“Red Hat does have a standard recruitment process. We do use industry standards,” said Masters.
However, from an engineering view, a job applicant does not have to be a young college graduate. Instead, Red Hat applies specific requirements to applicants depending on the kind of job being filled, he explained.
A New Set of Standards
Most executives at open source companies readily admit that flexible hiring standards differentiate a Linux mentality from proprietary work ethics. For instance, JasperSoft’s Klawans views a good developer as someone who can handle both open and closed source programming equally well.
“To really participate well you need to be able to communicate, especially in writing e-mail, blog entries, etc. You also need to motivate and guide others in the project and keep ego under control,” he said.
Leadership is vital for developers at all levels in the open source community, the Linux Foundation agreed. Software developers are expected to be independent but not isolated from team workers.
Many Linux development companies place major importance on a software developer’s ability to influence coworkers. Leadership is a key job skill for these programmers.
“Are you driving progress forward? Are you presenting papers educating your peers at open source events? Can you write papers explaining what you do and how to use your code? Do you participate in a wide variety of activities that enhance open source? Those things are all important to consider and something the Linux Foundation looks at closely,” said McPhereson.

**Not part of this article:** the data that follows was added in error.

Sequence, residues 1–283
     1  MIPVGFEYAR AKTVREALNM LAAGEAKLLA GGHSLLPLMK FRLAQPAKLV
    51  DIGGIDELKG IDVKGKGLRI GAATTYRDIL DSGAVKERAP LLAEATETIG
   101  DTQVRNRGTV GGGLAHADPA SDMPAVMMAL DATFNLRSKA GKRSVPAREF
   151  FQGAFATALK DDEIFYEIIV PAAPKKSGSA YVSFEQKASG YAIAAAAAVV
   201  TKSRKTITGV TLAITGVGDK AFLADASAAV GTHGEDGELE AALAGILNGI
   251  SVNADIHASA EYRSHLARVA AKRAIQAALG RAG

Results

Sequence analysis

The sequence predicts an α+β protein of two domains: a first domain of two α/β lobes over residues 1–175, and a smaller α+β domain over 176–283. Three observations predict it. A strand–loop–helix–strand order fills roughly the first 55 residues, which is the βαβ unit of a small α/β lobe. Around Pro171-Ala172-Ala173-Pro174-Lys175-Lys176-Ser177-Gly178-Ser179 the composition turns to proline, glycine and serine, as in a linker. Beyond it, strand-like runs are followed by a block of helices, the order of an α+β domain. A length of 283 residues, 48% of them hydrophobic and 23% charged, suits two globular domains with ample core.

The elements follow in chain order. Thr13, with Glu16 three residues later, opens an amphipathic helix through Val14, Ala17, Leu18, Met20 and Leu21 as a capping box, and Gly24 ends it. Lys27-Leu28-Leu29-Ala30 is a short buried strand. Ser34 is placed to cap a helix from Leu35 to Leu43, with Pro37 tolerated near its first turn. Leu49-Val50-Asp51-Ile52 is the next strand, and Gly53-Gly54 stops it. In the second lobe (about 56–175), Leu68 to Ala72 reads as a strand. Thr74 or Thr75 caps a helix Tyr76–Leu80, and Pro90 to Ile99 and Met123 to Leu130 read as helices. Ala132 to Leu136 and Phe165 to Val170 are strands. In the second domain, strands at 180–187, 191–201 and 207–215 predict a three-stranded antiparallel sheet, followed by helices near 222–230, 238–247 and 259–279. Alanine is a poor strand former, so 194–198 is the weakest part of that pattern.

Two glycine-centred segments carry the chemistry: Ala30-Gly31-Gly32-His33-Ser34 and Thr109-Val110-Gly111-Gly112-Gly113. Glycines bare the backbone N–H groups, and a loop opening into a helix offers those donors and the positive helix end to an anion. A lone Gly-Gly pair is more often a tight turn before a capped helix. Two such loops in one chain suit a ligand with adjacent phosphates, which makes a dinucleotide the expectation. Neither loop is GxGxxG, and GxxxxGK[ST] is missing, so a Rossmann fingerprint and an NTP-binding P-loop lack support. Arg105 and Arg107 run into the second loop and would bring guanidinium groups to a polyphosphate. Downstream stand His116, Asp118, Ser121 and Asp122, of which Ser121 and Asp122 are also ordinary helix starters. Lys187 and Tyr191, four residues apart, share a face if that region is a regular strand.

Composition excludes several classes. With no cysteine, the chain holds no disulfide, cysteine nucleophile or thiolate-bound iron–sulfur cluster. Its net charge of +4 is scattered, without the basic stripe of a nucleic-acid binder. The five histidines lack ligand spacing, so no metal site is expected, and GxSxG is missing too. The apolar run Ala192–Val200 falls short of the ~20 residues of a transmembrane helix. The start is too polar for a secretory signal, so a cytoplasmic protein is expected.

More often than not, those are the very characteristics that engineers and code writers do not have to demonstrate when writing code for traditional software companies. In hiring open source developers, JasperSoft executives do not usually have to look for a candidate that meets these standards.
“They find us. When we find them, we hire them. We don’t focus on strict educational criteria the way other companies do,” said Klawans.
As strange as it may seem to most of the working world, expecting a Linux developer to be college trained specialist is not always part of the application requirements. Usually, code writing skills often take precedence, even if they are self-taught.
“Our focus [at Red Hat] is less on education and more on the applicant’s experience in writing software. But our view of the applicant’s experience level is different than other companies’ views,” said Tim Burke, director of emerging technologies at Red Hat.
Red Hat wants to see an involvement with developing open source experience. The company looks closely at peoples’ prior work and how they interact with others, he explained. That means the successful candidate needs an Internet trail.
“The majority of our work is done online, so we get a much better representation of a person’s work record found in the e-mail archives,” Burke suggested.
This story was originally published on July 26, 2007, and is brought to you today as part of our Best of ECT News series.